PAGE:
In 1982, a local news station in New Orleans broadcast a documentary called “Cruisin’ the Streets,” which aimed a prurient and dehumanizing gaze at gay and trans sex workers in the French Quarter. The same year, swept up in a moral panic over prostitution in the city, Louisiana’s state legislature passed draconian measures that explicitly targeted the L.G.B.T.Q. community. Prostitution was already a misdemeanor in Louisiana, but a new law—known as CANS, which stands for Crime Against Nature by Solicitation—made merely offering oral or anal sex in exchange for money a felony, punishable by up to five years in prison with hard labor. In 1992, the penalties set by CANS were made even harsher: anyone charged under the law was required to register as a sex offender. This development deeply exacerbated the challenges of finding housing, employment, and health care—and it escalated social stigma—for a group that already faced severe discrimination. The short documentary “CANS Can’t Stand,” directed by Matt Nadel and Megan Plotka, uses archival material to explore the history of CANS, but its focus is a group of Black trans women who are fighting today to liberate their community from the policy’s grasp.
Nadel and Plotka first learned of the campaign against CANS in an exhibition at Tulane’s Newcomb Art Museum centered on formerly incarcerated women and girls in Louisiana, which featured a short blurb about Wendi Cooper. Cooper founded the organization CANScantSTAND, in 2018, to continue the work that she had already begun toward abolishing the law. Baffled that such a baldly prejudiced policy was still on the books in 2019, Nadel and Plotka contacted Cooper to learn more about her work. She invited them to a church that she was working out of and, in the course of about two hours, told them a story that changed the way they understood the justice system. Cooper had faced her first CANS conviction in 1999, which led to her incarceration and placed her on the sex-offender registry. Many others were in similar situations—one of the most striking facts presented in the film is that, by 2011, almost forty per cent of the people listed on the New Orleans sex-offender registry were there because of CANS. Within that group, seventy-nine per cent were Black. “It wasn’t about policing a certain kind of conduct,” Nadel said, when I interviewed him and Plotka about the film. “It was about policing a certain kind of person.”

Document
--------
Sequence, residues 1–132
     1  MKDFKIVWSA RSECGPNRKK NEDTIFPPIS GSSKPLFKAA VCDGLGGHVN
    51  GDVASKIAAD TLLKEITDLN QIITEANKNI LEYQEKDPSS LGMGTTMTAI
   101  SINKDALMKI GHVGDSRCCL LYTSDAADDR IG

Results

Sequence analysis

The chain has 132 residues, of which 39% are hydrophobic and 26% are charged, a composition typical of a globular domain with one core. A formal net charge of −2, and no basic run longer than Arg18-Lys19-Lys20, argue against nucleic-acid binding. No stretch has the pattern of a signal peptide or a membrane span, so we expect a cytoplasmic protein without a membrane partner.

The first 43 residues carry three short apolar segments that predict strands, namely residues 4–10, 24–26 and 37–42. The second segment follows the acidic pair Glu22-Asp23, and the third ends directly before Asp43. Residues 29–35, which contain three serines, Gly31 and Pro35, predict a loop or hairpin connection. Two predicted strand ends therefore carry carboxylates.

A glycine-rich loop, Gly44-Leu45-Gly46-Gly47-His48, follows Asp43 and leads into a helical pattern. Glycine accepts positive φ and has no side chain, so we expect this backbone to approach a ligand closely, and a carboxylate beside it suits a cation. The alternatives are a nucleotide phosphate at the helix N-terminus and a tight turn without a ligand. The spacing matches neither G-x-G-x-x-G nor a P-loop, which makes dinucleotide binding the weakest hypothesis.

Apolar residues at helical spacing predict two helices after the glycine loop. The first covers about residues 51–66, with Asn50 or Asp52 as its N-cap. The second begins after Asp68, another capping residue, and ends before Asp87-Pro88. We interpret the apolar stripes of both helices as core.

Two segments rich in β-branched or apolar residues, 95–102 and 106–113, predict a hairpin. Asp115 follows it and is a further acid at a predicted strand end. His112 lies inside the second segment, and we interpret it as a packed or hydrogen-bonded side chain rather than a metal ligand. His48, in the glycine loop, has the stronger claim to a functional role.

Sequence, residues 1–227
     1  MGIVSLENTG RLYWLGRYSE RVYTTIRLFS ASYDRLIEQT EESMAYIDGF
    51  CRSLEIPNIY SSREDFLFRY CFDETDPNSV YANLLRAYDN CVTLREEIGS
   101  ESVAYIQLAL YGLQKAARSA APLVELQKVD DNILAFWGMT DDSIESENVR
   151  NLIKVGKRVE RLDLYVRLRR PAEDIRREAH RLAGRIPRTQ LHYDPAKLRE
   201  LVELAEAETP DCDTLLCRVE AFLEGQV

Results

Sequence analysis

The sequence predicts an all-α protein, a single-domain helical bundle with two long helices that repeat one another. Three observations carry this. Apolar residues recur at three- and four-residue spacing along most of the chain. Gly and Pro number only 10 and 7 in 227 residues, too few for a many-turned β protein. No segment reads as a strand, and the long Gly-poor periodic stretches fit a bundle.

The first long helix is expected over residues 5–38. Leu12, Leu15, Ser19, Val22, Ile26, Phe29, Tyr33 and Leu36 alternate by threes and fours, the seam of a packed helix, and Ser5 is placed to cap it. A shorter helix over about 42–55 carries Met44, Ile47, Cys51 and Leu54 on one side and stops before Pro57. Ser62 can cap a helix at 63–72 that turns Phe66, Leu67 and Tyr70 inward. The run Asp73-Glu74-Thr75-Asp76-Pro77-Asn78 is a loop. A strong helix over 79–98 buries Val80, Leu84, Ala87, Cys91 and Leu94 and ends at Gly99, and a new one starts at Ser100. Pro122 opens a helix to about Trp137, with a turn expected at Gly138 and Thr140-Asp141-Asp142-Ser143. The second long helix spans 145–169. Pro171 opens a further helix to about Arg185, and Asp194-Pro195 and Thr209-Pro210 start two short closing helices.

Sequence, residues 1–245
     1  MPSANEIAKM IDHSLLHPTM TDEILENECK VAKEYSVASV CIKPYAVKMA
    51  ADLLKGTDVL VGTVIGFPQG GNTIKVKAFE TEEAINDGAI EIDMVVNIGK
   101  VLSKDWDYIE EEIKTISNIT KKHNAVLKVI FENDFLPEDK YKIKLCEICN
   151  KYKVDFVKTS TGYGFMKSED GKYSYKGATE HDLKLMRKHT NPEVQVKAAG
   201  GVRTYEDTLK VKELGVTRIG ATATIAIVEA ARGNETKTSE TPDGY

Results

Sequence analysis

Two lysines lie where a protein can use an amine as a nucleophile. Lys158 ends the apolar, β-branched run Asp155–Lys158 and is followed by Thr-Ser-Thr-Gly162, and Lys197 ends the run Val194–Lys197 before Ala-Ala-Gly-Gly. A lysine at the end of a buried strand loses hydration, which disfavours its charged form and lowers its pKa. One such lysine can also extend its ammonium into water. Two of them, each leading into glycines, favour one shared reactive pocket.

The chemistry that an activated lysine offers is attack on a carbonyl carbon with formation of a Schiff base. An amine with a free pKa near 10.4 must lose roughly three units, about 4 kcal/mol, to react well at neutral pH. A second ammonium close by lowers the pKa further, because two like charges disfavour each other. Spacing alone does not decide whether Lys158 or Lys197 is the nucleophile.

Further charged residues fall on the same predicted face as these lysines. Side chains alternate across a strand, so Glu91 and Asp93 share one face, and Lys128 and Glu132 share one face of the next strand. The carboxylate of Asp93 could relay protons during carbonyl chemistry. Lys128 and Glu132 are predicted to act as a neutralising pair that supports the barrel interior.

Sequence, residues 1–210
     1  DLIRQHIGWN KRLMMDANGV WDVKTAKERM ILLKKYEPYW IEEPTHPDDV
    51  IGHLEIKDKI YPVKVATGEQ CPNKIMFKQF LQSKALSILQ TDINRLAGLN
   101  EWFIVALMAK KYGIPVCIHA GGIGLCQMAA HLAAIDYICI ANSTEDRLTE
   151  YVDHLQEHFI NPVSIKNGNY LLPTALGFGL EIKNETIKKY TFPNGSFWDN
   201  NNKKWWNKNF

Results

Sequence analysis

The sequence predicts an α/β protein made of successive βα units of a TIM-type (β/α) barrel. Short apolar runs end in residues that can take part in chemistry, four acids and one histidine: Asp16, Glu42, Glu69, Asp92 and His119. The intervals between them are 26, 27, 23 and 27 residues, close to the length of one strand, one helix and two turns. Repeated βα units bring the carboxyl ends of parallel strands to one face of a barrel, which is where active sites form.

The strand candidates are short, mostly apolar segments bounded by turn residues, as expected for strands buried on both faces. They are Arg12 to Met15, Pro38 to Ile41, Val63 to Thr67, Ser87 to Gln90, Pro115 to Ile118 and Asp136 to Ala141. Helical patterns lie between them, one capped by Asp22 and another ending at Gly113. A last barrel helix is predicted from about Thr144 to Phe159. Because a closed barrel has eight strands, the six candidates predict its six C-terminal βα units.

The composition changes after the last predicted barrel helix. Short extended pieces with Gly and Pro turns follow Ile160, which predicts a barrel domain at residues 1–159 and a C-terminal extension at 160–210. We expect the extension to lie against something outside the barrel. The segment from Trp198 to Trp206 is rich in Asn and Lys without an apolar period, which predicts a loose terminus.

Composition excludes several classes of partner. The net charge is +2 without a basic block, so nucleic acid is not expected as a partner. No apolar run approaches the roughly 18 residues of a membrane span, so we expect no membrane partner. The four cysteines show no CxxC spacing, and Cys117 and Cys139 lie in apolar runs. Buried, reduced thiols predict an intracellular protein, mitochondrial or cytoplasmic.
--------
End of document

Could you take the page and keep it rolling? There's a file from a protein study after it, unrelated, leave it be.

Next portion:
In “CANS Can’t Stand,” Cooper’s group stages an eye-catching protest in which demonstrators dress in orange prison jumpsuits to make visible the oppressiveness of incarceration under a law that unfairly targets their demographic. Their efforts are part of a long campaign that has had substantial successes: in 2011, a bill downgraded first-time CANS convictions from felony to misdemeanor, and, not long after, a lawsuit successfully made the case against labelling people as sex offenders for CANS convictions, resulting in the removal, in 2013, of seven hundred people from the registry. Cooper was one of nine anonymous plaintiffs in the suit. In the TV coverage of the trial, she saw Milan Nicole Sherry, a younger activist also featured in “CANS Can’t Stand,” speaking publicly about her own experience of being arrested under CANS as a minor, and Cooper was inspired to relinquish her anonymity and become more open about her relationship to the law that she was organizing others to oppose.
This kind of intergenerational exchange and support seems crucial as the fight continues; although CANS has been stripped of some of its more devastating consequences, the law remains in place, and those convicted before 2011 still have felonies on their records. In 2021, Cooper testified in favor of a bill that would fully decriminalize sex work in Louisiana, and, though it did not pass, she remains tenacious in her advocacy. “My goal is to get the law eradicated,” she says in one interview. Through CANScantSTAND, she continues to put pressure on public officials to fully, rather than partially, remedy the injustice of CANS. “It kind of got swept under the rug,” Sherry says in the film. “But Wendi kind of kicked that rug and was, like, ‘No, we’re not sweeping this under the rug.’ ”
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The Crossword: Thursday, March 30, 2023